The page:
News Register for our weekly news digest here.

Art Collector, Dealers Seek to Dismiss Lawsuit Over Cady Noland Sculpture

A convoluted legal battle involving artist Cady Noland, a collector, and three art dealers is raising questions about copyrighting artworks and the boundaries between art conservation and forgery. Last July, the elusive artist filed a lawsuit asserting that the collector and dealers infringed on the copyright for her work Log Cabin Blank with Screw Eyes and Café Door (Memorial to John Caldwell), 1990, by hiring a conservator to extensively repair the sculpture, whose wood was beginning to rot. Noland contended that by refabricating parts of the work—which consists of a cabin facade manufactured by a commercial company and an American flag—the collector and dealers committed forgery, and she demanded the work be destroyed. Noland then sued collector Wilhelm Schurmann, who bought the work soon after its creation; KOW Gallery of Berlin, which exhibited the piece in 2011; art dealer and adviser Chris D’Amelio; Galerie Michael Janssen; and Janssen himself, who sold Log Cabin to the Ohio-based collector Scott Mueller for $1.4 million in 2014.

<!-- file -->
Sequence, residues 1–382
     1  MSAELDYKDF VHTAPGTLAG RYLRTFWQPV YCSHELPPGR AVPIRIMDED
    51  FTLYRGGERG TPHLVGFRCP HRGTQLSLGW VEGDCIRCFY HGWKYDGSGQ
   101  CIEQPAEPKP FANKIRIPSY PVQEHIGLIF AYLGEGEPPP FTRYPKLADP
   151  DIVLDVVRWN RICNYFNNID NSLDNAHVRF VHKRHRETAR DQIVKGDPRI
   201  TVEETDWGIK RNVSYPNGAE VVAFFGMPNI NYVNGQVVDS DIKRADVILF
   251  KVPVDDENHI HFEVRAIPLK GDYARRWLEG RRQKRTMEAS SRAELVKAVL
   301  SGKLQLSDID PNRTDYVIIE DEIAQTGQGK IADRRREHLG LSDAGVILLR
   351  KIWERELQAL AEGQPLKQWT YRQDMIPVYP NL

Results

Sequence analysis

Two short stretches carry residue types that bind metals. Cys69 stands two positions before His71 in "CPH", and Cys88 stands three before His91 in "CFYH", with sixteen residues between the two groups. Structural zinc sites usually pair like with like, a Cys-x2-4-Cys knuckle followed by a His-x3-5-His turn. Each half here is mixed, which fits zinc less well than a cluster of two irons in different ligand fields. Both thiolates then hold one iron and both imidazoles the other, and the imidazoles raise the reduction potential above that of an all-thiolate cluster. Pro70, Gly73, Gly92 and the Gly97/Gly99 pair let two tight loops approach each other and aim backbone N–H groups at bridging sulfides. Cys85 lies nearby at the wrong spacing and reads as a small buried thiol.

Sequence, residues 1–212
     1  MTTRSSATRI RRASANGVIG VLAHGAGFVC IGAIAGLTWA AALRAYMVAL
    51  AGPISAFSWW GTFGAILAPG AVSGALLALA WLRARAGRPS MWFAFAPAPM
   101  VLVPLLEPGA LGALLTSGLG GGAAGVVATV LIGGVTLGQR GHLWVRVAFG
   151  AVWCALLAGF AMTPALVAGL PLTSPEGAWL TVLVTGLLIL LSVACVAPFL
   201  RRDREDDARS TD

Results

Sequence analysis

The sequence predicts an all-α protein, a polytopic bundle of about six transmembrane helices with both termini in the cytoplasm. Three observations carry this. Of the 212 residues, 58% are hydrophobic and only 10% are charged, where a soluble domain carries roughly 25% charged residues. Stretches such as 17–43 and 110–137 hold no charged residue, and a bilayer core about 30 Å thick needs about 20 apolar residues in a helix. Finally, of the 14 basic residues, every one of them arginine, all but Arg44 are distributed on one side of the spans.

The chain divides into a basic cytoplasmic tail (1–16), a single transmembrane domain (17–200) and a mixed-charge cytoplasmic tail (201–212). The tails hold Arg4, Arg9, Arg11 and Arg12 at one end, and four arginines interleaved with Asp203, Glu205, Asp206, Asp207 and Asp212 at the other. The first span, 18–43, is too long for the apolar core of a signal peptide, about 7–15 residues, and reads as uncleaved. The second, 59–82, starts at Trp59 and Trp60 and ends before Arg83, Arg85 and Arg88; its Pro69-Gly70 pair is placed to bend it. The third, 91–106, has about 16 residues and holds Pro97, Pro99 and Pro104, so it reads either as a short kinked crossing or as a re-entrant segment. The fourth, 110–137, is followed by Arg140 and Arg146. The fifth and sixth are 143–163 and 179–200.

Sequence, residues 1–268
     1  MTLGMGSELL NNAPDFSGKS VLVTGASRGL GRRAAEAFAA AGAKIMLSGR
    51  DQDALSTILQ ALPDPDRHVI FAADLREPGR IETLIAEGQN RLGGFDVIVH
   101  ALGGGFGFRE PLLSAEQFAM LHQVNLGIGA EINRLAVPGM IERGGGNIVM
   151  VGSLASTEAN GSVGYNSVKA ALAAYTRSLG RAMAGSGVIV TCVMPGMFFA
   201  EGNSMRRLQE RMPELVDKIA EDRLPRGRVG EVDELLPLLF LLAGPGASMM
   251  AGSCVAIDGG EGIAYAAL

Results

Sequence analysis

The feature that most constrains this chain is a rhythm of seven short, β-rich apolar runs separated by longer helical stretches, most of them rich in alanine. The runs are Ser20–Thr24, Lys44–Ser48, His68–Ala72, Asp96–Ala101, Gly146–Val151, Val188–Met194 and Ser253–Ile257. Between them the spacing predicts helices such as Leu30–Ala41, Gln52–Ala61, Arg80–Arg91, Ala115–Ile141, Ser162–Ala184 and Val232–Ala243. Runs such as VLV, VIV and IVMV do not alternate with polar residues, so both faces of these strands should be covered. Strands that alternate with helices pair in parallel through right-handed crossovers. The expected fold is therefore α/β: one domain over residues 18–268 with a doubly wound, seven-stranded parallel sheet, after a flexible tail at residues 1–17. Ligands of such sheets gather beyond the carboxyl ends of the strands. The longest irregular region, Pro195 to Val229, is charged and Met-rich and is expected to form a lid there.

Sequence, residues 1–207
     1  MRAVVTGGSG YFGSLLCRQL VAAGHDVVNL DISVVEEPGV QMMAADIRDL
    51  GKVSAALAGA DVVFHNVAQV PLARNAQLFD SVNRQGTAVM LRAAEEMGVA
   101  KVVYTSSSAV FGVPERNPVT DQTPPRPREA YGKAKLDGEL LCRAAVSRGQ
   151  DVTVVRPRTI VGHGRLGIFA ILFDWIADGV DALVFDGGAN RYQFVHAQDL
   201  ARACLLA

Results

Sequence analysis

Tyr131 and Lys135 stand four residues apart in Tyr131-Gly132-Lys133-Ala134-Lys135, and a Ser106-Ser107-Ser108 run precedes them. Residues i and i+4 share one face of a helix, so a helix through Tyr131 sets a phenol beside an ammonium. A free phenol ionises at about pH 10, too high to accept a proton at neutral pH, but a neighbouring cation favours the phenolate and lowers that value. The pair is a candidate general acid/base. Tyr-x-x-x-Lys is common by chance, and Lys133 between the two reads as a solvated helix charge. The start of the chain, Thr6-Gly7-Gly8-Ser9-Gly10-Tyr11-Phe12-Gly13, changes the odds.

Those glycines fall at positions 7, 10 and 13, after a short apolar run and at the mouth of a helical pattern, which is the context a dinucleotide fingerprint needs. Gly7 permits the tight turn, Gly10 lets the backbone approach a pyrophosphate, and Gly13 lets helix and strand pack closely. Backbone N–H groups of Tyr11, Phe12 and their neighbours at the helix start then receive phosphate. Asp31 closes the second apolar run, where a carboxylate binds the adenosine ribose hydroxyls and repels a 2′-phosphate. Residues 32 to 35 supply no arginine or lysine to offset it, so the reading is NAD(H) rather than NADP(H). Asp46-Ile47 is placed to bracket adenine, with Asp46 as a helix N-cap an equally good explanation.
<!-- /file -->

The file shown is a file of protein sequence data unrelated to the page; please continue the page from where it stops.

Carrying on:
Now, in a motion filed last month to dismiss the case, the defendants are suggesting that Noland’s lawsuit is a way for the artist to defy the market, characterizing the charge as “a desperate but futile search for a cause of action, by an artist with a history of trying to keep artworks created by her from being sold,” according to Artnet. Additionally, the collector and dealers have claimed that the work is too generic to be to copyrightable. “Were placing two American flags on a traditional log cabin façade enough to warrant copyright protection, then any log cabin owner who affixes a similar patriotic symbol to the front of their home might be considered an infringer via the creation of an unauthorized derivative work,” wrote the lawyer for the collector and dealers. The defendants say that it is the concept behind the work that makes it art, not its physical aspects. The defendants also argue that if the object is unable to be copyrighted—and since the idea itself cannot be—they cannot be held accountable for copyright violation.

The artist’s lawyers say that the work’s design is inextricable from its concept. “Clearly, the Copyright Office does not understand contemporary art,” Noland’s lawyer wrote. “Noland was not designing backyard garden sheds and trying to seek copyright protection for her design. Instead, she made a sculpture that was neither a house, garden shed, or a shelter, and strategically draped her signature American flags over one of the ‘window’ openings.” 

Noland, who is no stranger to legal controversy and is notoriously interview-averse, provided an affidavit to the judge this week. “I do not think I am difficult to work with,” Noland said, adding that she has repaired many artworks herself recently so that they could be sold. “I just do not want anyone to change, modify, or destroy my art,” she said. The case has not yet gone to trial.